Thursday, December 25, 2014

Back in action. Catch-up; (14); Rodney Reed. Texas; The bad news: His motion for more DNA testing has been denied; Good news (of sorts): A separate motion delaying his execution from Jan. 15 to March 5, has been granted. The Statesman.

STORY: "Death row inmate Rodney Reed loses motion for more  DNA testing in case," by reporter Wesley Gardner, published by The Statesman on November 25, 2014.

GIST: "Death row inmate Rodney Reed’s motion for expanded DNA testing of evidence in his capital murder case was denied Tuesday by visiting Judge Doug Shaver, though the court did accept a separate motion delaying his date of execution from Jan. 15 to March 5. Reed was convicted in the 1996 murder and rape of Stacy Stites, though defense attorneys contend Jimmy Fennell, Stites’ fiance, was likely responsible for the murder. Fennell is currently serving a 10-year prison sentence for sexually assaulting a woman in his custody while employed as a Georgetown police officer. Prosecutors this summer agreed to order additional DNA tests on swabs taken from Stites’ body, cuttings taken from her underwear and strands of hair retrieved from her left sock and her body. Test results have not yet been presented to the court, but will be available before March 5, prosecutors said. Defense attorneys said Tuesday that the testing of additional items — including several pieces of clothing found on or near Stites, as well as two Busch beer cans — could also provide evidence supporting Reed’s innocence. The defense also wants to test a blue condom found near the crime scene by a resident, which was submitted to investigators several days after Stites’ murder. Shaver ultimately ruled that additional testing would unreasonably delay the execution. “Sixteen different state and federal judges have unanimously agreed that the Bastrop County jury got it right back in 1998 and that no new evidence produced has ever proven his innocence,” said Bastrop County District Attorney Bryan Goertz. “Justice delayed is no justice at all.” Reed initially became a suspect in Stites’ rape and murder after DNA results collected from a different alleged rape victim matched a sample collected from Stites’ body. Reed was indicted for several other rapes or attempted rapes during and after the Stites trial, but he was never brought to trial on those charges. Bryce Benjet, Reed’s defense attorney, said there still remains a healthy amount of suspicion regarding Stites’ murder that merit the expanded testing. “DNA testing can confirm or impeach a suspect’s account of events,” said Benjet, arguing that advances in the technology could provide new findings that could ultimately exonerate Reed. “We don’t want to execute the wrong guy here.” Assistant Attorney General Matthew Ottoway argued Reed’s motion for additional testing could have been submitted far sooner than January of this year, noting the 16 years that had passed between the time he was convicted and the timing of his initial request for DNA testing."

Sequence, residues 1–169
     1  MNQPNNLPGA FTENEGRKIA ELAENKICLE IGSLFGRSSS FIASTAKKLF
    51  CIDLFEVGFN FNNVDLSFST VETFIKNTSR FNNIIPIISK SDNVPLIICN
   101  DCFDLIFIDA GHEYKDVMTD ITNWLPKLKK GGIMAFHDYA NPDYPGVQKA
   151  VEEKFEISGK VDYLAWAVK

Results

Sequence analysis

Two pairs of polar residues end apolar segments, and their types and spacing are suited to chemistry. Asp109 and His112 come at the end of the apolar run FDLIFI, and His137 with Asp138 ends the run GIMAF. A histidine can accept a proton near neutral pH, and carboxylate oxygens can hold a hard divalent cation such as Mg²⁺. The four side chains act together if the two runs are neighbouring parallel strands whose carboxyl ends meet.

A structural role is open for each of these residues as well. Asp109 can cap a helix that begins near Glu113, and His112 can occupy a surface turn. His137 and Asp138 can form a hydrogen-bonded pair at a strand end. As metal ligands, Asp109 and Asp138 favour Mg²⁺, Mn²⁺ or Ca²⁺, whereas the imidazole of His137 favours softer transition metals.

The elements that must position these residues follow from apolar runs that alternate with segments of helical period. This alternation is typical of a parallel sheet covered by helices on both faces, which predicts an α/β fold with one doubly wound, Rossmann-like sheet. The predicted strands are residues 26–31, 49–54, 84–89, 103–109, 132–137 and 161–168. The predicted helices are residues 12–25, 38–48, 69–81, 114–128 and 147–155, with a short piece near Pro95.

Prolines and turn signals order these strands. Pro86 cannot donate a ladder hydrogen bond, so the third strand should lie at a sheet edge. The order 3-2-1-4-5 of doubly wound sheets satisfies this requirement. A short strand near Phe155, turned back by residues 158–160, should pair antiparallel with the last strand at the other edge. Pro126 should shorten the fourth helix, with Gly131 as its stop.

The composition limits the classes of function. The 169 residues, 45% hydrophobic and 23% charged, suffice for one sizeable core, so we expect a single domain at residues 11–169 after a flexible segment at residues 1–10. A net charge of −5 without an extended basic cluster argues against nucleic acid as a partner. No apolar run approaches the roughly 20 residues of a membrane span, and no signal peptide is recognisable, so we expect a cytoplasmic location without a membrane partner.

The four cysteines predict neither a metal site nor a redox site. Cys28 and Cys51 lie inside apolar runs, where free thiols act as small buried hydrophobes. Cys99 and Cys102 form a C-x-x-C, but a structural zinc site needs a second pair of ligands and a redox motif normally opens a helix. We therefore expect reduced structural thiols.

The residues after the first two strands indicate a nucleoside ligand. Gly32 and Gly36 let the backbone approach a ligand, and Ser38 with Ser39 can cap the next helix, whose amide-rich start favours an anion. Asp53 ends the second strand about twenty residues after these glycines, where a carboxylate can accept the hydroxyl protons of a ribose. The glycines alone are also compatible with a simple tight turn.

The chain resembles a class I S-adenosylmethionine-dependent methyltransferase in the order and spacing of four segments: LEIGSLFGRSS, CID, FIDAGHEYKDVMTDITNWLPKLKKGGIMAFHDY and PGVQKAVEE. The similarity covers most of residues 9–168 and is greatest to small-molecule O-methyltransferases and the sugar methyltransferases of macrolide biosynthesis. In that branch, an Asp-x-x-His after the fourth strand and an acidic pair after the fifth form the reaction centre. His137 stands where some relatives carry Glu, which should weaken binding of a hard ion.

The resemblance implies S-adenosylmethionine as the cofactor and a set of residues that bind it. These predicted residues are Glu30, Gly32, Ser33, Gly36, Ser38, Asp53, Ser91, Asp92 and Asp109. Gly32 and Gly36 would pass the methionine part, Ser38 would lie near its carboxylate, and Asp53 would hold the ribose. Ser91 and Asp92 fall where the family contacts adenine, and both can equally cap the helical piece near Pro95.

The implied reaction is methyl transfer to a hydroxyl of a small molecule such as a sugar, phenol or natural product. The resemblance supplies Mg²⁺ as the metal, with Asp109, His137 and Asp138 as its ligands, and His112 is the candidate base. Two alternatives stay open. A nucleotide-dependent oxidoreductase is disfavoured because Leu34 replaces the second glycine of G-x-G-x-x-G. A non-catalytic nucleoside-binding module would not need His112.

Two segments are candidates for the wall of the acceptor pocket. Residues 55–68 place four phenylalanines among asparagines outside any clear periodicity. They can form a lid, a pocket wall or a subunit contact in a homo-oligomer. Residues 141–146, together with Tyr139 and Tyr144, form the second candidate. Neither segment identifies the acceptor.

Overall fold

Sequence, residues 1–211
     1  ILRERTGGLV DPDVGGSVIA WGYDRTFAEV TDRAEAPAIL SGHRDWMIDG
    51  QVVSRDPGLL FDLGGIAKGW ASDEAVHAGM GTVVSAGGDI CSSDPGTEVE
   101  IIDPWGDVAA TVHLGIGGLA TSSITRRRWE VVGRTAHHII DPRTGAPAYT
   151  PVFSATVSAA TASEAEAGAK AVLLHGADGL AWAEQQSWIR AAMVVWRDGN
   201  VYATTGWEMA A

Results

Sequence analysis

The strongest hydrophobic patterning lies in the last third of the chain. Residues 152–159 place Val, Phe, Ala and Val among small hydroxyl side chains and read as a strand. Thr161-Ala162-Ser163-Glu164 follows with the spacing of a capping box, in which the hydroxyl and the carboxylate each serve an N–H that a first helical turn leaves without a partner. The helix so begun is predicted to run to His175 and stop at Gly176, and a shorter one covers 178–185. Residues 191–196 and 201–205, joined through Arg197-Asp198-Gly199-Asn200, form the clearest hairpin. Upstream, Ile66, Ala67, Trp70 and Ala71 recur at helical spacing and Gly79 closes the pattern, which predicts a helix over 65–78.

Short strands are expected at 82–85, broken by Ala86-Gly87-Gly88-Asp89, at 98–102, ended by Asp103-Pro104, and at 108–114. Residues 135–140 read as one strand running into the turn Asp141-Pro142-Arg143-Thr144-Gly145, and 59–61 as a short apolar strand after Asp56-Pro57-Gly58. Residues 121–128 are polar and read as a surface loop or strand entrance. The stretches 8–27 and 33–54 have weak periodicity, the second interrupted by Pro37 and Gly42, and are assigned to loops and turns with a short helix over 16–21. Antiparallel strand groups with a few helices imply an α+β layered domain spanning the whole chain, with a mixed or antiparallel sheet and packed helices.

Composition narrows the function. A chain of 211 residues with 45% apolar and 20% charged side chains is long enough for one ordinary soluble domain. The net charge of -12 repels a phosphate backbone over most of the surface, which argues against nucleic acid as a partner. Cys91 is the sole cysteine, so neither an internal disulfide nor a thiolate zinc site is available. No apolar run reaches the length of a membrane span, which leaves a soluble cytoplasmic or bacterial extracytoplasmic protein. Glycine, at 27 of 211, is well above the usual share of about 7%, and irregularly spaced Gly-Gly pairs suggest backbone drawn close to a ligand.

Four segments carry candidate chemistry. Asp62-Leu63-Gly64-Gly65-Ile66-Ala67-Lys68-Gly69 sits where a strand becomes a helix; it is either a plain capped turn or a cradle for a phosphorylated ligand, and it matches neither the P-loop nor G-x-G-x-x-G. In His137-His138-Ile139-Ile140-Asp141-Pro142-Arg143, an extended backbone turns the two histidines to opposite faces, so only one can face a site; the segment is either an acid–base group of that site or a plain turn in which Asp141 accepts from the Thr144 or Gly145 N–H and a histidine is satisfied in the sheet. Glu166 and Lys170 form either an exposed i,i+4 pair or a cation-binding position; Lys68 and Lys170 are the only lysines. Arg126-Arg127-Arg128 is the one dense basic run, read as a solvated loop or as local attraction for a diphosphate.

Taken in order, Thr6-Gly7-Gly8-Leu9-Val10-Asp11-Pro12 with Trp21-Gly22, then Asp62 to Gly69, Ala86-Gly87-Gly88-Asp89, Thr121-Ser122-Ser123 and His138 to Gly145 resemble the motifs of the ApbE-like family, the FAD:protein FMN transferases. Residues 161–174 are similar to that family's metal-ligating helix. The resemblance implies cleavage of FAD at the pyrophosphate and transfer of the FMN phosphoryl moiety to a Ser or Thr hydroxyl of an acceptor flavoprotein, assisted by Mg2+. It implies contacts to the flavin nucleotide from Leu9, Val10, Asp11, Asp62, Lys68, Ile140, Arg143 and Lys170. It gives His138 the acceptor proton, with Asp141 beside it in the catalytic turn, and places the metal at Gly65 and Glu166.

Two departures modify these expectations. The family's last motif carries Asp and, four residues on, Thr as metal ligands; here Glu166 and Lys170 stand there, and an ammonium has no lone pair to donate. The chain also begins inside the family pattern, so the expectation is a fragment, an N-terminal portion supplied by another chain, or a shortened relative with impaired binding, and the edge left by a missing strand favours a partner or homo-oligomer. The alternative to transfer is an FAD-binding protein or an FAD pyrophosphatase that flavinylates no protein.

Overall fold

The entire story can be found at:


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